The move to California might have helped Inman avoid his father’s fate. As Inman’s aunt Ethel Pickett recalls, in her day, “when a black child graduated from high school, they went to the army. … They got out of Cook County, because if they hadn’t of got out of Cook County, they was going to jail.” Inman’s uncle, Ben Pickett, returned after a year deployed with the Marine Corps in Vietnam. “They didn’t have as many police then to really harass everybody,” he remembers about Adel in the 1970s. But like any segregated southern town, the law had a way of coming down hard on black folks. In 1982, Adel made national news after two white police officers fired their guns at a car carrying four black youth who were allegedly speeding. The car overturned, prompting calls from the NAACP for the cops to be fired.
By the time he was a teenager, Inman began getting in trouble in California. There was an arrest for armed robbery at 15, which landed him in juvenile hall, followed by an attempted robbery and car theft a couple years later. There was also a burgeoning pattern of domestic abuse. When Inman was 16, he was accused of choking and threatening to kill a girl he’d been dating for two weeks. Later, the family of a live-in girlfriend named Veronica filed several complaints against Inman, referring to him by his middle name. “Tyrone beats up Veronica all the time, but lately he has been getting much more violent,” her sister told police in 1997. An aunt described a phone call she overheard between her niece and Inman, who became enraged that her family was not letting her see him. “Fuck your aunt, fuck your grandma, fuck the law, I’m gonna get rid of them all,” he said.
Yet Inman also had a reputation for making empty threats, even among those who had been on the receiving end of his violent temper. “His bark is bigger than his bite,” said Marquetta Thomas, who met Inman when he returned to Adel in 1998. Her sister Christy Lima was dating Inman at the time of the murder at Taco Bell. He was violent toward her, Thomas said, but mostly he was a “pretty boy” who bullied girls because he wasn’t tough enough for real fights. For her part, Lima insisted that she was usually the one who got physical during fights with Inman, like the time she struck him in the face with a belt buckle. “Devonia probably hit me once, you know what I’m saying?”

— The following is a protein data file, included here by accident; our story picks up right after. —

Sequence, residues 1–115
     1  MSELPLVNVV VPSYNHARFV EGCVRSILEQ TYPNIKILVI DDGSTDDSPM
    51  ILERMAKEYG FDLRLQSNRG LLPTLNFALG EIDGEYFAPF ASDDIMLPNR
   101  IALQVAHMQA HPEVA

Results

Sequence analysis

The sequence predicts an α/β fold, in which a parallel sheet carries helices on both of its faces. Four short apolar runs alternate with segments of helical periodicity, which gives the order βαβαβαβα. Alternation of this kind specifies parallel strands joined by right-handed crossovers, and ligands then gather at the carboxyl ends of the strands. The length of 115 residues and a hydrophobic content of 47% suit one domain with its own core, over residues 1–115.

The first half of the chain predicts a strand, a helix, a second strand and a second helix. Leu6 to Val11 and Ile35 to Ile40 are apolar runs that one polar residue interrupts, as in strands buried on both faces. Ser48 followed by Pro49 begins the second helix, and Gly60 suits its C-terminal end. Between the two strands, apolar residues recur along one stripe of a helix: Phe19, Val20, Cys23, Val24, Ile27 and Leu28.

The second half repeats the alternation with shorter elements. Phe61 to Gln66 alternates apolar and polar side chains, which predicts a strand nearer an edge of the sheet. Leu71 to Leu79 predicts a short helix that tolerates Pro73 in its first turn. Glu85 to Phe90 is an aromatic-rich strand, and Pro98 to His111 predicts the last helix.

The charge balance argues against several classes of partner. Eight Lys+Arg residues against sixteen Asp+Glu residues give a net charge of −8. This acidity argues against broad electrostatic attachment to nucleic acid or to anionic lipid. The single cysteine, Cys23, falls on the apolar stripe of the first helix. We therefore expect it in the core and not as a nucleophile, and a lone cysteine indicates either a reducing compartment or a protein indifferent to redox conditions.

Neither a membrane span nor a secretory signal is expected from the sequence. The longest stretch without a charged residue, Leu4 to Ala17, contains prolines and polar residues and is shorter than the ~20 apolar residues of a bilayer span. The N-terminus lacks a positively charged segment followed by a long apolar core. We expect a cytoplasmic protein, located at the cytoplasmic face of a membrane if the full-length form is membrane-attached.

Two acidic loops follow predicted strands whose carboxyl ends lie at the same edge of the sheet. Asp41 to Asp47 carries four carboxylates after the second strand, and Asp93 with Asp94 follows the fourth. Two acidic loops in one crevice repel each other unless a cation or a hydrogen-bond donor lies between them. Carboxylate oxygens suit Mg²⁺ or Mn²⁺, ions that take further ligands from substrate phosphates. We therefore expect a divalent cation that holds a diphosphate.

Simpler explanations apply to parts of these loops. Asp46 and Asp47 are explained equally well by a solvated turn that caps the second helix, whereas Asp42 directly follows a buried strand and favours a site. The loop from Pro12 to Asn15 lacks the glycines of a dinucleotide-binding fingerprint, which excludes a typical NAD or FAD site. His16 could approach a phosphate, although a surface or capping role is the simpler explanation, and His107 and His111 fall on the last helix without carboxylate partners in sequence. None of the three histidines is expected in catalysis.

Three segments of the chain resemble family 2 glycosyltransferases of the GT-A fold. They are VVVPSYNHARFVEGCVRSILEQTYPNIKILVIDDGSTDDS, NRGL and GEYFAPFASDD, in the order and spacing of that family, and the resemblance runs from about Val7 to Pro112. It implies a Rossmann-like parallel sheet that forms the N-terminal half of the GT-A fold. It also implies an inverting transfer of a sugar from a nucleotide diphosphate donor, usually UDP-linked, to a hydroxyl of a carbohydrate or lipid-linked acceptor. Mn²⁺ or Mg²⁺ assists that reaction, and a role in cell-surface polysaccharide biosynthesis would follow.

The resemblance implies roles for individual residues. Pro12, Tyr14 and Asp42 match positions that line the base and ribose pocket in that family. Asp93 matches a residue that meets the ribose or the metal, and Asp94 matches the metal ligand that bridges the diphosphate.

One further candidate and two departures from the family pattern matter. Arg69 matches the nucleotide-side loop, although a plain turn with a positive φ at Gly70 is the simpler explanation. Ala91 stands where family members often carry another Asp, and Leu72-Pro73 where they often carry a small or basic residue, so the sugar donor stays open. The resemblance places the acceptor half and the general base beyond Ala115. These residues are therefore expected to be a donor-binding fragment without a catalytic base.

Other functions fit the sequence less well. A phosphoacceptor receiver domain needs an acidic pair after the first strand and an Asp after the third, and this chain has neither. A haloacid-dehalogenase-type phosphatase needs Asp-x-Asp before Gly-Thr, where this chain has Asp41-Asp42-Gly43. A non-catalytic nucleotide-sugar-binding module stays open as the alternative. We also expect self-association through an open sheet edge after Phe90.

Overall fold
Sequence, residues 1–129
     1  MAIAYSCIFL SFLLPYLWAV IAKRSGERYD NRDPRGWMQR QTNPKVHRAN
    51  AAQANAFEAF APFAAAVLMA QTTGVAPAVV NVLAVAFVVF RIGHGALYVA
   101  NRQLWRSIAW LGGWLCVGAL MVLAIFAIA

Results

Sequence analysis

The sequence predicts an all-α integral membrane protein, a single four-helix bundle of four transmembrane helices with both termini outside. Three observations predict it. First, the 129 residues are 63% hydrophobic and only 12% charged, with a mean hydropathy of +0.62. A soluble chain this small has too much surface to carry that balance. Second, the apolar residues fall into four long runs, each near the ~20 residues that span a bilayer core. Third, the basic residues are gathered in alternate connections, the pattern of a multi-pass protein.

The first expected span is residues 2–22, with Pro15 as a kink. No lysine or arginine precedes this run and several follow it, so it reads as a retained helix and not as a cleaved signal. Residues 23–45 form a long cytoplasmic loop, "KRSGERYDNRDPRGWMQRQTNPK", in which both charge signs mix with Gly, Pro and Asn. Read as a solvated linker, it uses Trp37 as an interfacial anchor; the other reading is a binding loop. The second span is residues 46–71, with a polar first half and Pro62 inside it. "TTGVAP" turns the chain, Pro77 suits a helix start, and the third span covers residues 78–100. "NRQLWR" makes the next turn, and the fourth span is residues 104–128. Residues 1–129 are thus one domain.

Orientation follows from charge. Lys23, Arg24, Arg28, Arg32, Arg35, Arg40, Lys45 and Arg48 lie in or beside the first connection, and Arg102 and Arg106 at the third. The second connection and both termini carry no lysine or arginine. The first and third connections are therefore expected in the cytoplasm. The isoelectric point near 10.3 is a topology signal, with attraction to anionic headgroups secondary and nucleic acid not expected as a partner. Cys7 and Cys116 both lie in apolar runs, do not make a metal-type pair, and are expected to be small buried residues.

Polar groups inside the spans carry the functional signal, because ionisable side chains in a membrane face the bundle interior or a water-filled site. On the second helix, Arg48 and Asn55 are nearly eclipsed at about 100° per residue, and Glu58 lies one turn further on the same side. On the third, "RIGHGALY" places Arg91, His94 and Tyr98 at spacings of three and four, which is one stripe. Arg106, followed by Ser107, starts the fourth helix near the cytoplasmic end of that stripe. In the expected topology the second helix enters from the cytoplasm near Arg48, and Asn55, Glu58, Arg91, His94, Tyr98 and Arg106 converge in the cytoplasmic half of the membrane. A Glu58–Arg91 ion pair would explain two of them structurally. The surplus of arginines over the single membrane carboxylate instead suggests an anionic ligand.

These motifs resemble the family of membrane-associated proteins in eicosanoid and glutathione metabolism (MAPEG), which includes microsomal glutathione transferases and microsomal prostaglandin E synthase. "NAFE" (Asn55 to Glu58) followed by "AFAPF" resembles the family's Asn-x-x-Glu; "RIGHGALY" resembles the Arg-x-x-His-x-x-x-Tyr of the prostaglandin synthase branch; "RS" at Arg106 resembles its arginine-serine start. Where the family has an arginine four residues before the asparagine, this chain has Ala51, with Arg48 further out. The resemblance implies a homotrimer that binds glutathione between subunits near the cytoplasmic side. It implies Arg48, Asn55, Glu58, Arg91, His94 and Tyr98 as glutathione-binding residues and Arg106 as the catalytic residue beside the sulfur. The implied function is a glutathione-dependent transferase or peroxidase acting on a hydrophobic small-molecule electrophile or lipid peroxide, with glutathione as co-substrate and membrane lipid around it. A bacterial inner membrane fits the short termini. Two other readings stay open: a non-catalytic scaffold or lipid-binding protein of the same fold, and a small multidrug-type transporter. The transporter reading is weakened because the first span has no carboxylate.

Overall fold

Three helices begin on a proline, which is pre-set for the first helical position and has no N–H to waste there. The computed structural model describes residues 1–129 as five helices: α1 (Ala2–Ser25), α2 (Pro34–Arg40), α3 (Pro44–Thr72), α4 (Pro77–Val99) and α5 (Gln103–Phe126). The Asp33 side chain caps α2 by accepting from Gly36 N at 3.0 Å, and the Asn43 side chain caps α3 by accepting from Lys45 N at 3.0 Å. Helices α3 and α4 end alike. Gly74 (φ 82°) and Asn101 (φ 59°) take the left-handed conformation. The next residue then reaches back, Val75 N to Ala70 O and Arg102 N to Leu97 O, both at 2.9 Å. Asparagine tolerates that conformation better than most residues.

There are different rumors for why Inman returned to Adel in the summer of 1998. One, still repeated among law enforcement, is that he was fleeing a murder rap in Sacramento. But according to his family, his mother simply thought he would stay away from trouble under the protection of his large extended family. That summer, the family was traveling South for a family reunion; before they returned to California, Dinah told Inman that she was going to leave him in Adel with his grandmother. He was angry, but his mother made it clear he did not have a choice.
It did not take long for Adel cops to remember the newly returned Inman. His relatives had deep roots in town, and his father had only recently gone to prison. Besides, Inman had already had his own run-in with the local law, after fathering a child with a girl during a visit to Adel in 1995. Inman showed up at the hospital that December, apparently against the mother’s wishes. “I just didn’t want him in there,” she later testified, denying she was afraid of him. “I just wanted him to leave.” But her mother and the nurses took out a warrant on Inman. Cook County prosecutor Bob Ellis charged him with terroristic threats and acts. He received 10 years’ probation, which he promptly violated by returning home to California. Breaking the terms of his probation would later come back to haunt Inman.
It’s unclear why investigators first set their sights on Inman for the murder of Donna Brown. The GBI report shows that his name was first provided by a man named Zachary Payne, a sometime drug dealer in his early 30s, who had once lived near Inman’s aunt. On the evening of September 20 — just over 24 hours after the murder — Jamy Steinberg went to see Payne in the trailer park where he lived. The one-page summary of the meeting is short on details, but it says that Inman had recently come to Payne’s door to harass him with a couple of friends. Payne suggested that Inman was mad because Payne “knew” Inman’s girlfriend, Christy Lima. But whatever their original beef, it was clearly far less important than what Payne claimed to have seen Inman carrying: a gun pulled from his waistband and pointed in Payne’s direction. There was little else beyond that. Payne had no specific information about the murder at the Taco Bell, but “believes Inman would be very capable of committing this crime,” according to the GBI report.